Another viable and more popular way is to use constraints: to force sets of parameters to be equal, which is referred to as parameter sharing. One advantage of parameter sharing is that only the unique (shared) set of parameters need to be stored in memory.

Bagging and other ensemble methods

Bagging: (bootstrap aggregating) train several different models separately, then each model votes on the output for test examples. Also called model averaging.

Different ensemble strategies include training different model with different algorithms and loss function, training the same type of model on different dataset.

Bagging involves constructing different datasets which all have same size with the original dataset by sampling with replacement from the original dataset, which means some examples may be replicated which some are missed. Different datasets lead to the differences among models.

However, model averaging is not used in benchmarking algorithms because any machine learning algorithms can benefit from it in some way. On the other hand, machine learning contests are usually won by ensemble models.

Typically, bagging is not used in neural network models, since differences in random initialization, random mini-batch selection, hyperparameters, etc, are enough to cause different members of the ensemble to make partially independent errors.

Another ensemble method is boosting in which an ensemble with higher capacity than the individual methods is constructed.


Dropout can be seen as a practical method of applying bagging in large neural networks.

Dropout lets each unit active with a probability of $\mu$ and died with a probability of $1-\mu$ in training step, so that a single neural network can generate any sub-network when optimizing parameters.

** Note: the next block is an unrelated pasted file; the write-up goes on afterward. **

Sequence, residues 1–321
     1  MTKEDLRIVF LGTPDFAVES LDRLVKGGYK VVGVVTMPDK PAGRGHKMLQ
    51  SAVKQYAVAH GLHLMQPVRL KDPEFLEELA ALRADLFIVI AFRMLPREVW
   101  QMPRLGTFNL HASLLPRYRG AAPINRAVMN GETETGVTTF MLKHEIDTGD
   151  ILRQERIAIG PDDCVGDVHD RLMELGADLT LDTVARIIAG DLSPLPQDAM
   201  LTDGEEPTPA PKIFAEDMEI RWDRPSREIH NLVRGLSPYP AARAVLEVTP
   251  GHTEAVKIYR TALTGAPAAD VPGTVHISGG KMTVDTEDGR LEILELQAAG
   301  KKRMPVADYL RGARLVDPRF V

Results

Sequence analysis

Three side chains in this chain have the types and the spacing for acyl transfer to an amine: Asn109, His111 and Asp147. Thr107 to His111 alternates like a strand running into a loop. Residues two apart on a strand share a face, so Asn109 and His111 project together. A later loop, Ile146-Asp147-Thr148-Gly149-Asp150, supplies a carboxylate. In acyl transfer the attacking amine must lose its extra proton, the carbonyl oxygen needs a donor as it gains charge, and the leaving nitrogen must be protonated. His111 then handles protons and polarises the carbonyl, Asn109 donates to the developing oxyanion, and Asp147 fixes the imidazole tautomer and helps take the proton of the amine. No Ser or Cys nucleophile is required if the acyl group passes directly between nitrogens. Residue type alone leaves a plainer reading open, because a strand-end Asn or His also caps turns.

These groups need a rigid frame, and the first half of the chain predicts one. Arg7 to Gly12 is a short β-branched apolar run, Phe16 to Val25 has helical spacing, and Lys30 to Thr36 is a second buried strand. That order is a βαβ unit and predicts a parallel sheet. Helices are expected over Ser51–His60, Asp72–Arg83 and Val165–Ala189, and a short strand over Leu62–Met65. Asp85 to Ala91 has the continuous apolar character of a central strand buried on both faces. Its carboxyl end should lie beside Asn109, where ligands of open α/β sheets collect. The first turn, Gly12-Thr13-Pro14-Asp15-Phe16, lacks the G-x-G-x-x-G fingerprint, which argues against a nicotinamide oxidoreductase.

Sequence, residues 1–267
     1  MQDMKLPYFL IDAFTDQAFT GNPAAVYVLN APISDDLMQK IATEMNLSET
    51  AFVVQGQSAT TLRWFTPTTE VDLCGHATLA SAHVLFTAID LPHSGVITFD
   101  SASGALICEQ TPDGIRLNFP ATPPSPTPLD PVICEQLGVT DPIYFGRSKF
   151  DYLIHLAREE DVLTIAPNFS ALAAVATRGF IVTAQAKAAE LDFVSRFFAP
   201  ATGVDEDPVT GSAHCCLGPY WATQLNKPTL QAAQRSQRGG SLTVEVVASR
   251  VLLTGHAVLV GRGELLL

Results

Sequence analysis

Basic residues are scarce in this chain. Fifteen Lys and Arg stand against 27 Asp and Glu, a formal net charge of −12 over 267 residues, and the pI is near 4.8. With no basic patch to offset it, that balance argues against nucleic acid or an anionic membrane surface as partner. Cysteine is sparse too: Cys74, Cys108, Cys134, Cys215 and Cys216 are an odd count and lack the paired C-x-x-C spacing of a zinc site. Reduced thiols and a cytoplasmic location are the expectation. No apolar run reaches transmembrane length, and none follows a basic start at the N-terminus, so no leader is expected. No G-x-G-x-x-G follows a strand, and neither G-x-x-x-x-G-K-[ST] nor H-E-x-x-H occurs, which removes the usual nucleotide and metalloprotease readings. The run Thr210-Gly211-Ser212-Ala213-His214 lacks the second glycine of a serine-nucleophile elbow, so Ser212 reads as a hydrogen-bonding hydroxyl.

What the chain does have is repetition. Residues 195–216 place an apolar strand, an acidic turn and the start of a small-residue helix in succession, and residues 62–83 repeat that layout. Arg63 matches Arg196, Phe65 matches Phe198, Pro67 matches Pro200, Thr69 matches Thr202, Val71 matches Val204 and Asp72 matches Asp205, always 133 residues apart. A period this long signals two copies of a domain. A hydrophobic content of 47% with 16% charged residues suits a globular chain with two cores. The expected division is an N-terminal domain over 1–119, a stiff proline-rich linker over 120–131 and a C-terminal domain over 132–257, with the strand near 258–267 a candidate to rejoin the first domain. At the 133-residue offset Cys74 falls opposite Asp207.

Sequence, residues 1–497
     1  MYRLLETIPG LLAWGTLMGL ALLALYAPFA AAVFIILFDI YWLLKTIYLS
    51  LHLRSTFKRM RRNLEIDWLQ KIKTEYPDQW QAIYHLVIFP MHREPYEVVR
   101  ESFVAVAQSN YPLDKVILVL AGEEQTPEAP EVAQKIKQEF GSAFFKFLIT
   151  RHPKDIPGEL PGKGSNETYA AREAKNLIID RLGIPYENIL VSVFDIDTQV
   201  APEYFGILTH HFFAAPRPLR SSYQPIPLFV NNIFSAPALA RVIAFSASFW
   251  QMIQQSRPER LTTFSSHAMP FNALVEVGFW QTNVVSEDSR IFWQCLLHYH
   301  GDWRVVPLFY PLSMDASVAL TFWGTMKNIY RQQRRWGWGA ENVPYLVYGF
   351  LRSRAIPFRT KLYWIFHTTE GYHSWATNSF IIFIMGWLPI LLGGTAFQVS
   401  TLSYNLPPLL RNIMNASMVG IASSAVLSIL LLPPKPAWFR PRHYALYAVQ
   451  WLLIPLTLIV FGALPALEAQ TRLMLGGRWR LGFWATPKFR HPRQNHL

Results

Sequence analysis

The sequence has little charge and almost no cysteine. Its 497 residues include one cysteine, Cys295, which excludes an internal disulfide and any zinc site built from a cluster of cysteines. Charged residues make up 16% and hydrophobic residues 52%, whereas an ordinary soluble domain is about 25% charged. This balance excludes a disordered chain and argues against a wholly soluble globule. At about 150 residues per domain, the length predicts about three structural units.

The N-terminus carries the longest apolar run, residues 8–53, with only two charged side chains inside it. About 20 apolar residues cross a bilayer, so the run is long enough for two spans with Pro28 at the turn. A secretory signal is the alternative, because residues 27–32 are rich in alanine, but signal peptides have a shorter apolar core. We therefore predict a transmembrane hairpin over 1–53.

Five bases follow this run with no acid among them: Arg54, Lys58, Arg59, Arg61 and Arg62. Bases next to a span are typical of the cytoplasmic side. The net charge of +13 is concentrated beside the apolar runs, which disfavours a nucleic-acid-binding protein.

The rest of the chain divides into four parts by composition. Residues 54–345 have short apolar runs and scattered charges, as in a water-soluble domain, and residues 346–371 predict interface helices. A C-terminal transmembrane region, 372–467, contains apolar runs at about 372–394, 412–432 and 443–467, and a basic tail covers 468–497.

The probability of each unit being 1/active is a hyperparameter, usually 0.5 for hidden layers and 0.8 for an input layer.

For each unit, we add an extra mask $mu$ generated independently by a probability distribution to control whether it is used in this epoch of training

Adversarial training

Adversarial examples are examples that are very similar to original examples, maybe just added a Gaussian noise. The differences are not visible for human observer, but significantly affect model behaviours and generate wrong prediction.

The primary cause of these adversarial examples is the linear combination. Neural networks are built on linear building blocks combined with some activation functions. If we change each input by $\epsilon$, the linear function with weights $w$ will change as much as $\epsilon\mid\mid w \mid\mid_1$, which can be very large amount and lead to wrong output if $w$ is high-dimensional.

Adversarial training solve this problem by encouraging the network to be locally constant in the neighbourhood of the training data, which can be seen as a way of explicitly introducing a local constancy prior into supervised neural networks.